Service in the elite A-Team teaches you to come up with smart, well-researched, and flexible battle plans for completing the mission—every mission. Even when that mission is to spend an arduous year in a hospital recovering from being blown up, badly burned, and shot multiple times. Greg shares the leadership principles and values he learned as a member of an A-Team and teaches us how to apply Special Forces strategies to our personal and business lives.
Conquer Anything is a Special Forces book, but even more than that it is a leadership book designed to help each of us achieve the highest goals possible in our professional and private lives.
“The greatest leaders I know lead by example. They are role models who adhere to standards they set for others and never ask more of them than they demand of themselves. Great leaders don’t just “manage” or “motivate.” They inspire courage, tenacity, perseverance, resilience, and commitment in all who work with them. Greg Stube is such a leader—and an American Hero.
In Conquer Anything Greg draws on a lifetime of “lessons learned” as a highly decorated U.S. Army Special Forces medic in this lucid, straightforward resource for parents, teachers, students, athletes, employers, supervisors, and soldiers. If “success” is in your vocabulary, Conquer Anything is a must read.”—Oliver L. North, Lt Col USMC [Ret.], Host of War Stories on FOX News
SFC Gregory A. Stube (ret.) is from Covington, Tennessee. He spent 19 of his 23 years in the U.S. Army as a member of the Green Berets. He was very seriously wounded during Operation Medusa in Afghanistan, September 2006. He was soon called a “miracle” by physicians for having survived and recovered so well. He credits his A-Team and his faith with his survival and recovery. He then became the Green Beret’s first official spokesperson and has since moved on to leadership training and teambuilding, and speaking about leadership and character.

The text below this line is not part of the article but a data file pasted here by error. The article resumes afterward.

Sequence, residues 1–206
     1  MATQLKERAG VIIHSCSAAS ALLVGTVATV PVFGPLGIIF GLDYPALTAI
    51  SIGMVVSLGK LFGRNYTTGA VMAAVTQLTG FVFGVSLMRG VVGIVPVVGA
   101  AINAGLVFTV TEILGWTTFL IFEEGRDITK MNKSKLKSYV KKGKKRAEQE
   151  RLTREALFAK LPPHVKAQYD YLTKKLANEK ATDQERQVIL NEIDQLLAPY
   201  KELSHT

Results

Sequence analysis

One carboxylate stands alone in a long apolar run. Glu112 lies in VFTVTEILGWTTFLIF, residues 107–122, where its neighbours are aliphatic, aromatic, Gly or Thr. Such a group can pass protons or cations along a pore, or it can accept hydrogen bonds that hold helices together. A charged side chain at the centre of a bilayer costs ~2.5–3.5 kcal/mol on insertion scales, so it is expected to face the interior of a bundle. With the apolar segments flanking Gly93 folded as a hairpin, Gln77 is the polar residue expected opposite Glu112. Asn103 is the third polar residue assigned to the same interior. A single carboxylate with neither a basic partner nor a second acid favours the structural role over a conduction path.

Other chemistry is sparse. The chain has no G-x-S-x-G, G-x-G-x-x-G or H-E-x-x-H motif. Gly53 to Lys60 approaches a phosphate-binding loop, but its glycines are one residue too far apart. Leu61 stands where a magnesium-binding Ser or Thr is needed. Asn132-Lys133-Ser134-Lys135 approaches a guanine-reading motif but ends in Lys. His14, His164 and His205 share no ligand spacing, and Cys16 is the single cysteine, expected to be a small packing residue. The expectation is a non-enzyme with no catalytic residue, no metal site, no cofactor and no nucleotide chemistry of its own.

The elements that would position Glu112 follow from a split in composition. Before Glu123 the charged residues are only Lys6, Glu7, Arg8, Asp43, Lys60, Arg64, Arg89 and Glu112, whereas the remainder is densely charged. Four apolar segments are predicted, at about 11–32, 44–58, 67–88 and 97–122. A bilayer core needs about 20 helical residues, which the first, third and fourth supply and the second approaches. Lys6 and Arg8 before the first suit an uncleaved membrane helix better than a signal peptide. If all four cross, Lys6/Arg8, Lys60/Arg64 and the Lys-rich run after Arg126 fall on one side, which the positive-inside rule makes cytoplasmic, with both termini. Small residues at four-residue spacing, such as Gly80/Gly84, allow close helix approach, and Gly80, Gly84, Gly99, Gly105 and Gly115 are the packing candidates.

Frank Miniter is the author of The Ultimate Man’s Survival Guide: Recovering the Lost Art of Manhood, a New York Times bestseller. He is also the author of Kill Big Brother, a thriller on how we can stay safe and keep our freedom in this age of terror, as well as This Will Make a Man of You—One Man’s Search for Hemingway and Manhood in a Changing World, Saving the Bill of Rights, and The Future of the Gun. Miniter is a Forbes Contributor, a contributing writer to Outdoor Life magazine, and a field editor for American Hunter. Frank writes for other publications from Boys’ Life to National Review.
Over 1 million copies sold
In this generation-defining self-help guide, a superstar blogger cuts through the crap to show us how to stop trying to be "positive" all the time so that we can truly become better, happier people.
For decades, we’ve been told that positive thinking is the key to a happy, rich life. "F**k positivity," Mark Manson says. "Let’s be honest, shit is f**ked and we have to live with it." In his wildly popular Internet blog, Manson doesn’t sugarcoat or equivocate. He tells it like it is—a dose of raw, refreshing, honest truth that is sorely lacking today. The Subtle Art of Not Giving a F**k is his antidote to the coddling, let’s-all-feel-good mindset that has infected American society and spoiled a generation, rewarding them with gold medals just for showing up.
Manson makes the argument, backed both by academic research and well-timed poop jokes, that improving our lives hinges not on our ability to turn lemons into lemonade, but on learning to stomach lemons better. Human beings are flawed and limited—"not everybody can be extraordinary, there are winners and losers in society, and some of it is not fair or your fault." Manson advises us to get to know our limitations and accept them. Once we embrace our fears, faults, and uncertainties, once we stop running and avoiding and start confronting painful truths, we can begin to find the courage, perseverance, honesty, responsibility, curiosity, and forgiveness we seek.
There are only so many things we can give a f**k about so we need to figure out which ones really matter, Manson makes clear. While money is nice, caring about what you do with your life is better, because true wealth is about experience. A much-needed grab-you-by-the-shoulders-and-look-you-in-the-eye moment of real-talk, filled with entertaining stories and profane, ruthless humor, The Subtle Art of Not Giving a F**k is a refreshing slap for a generation to help them lead contented, grounded lives.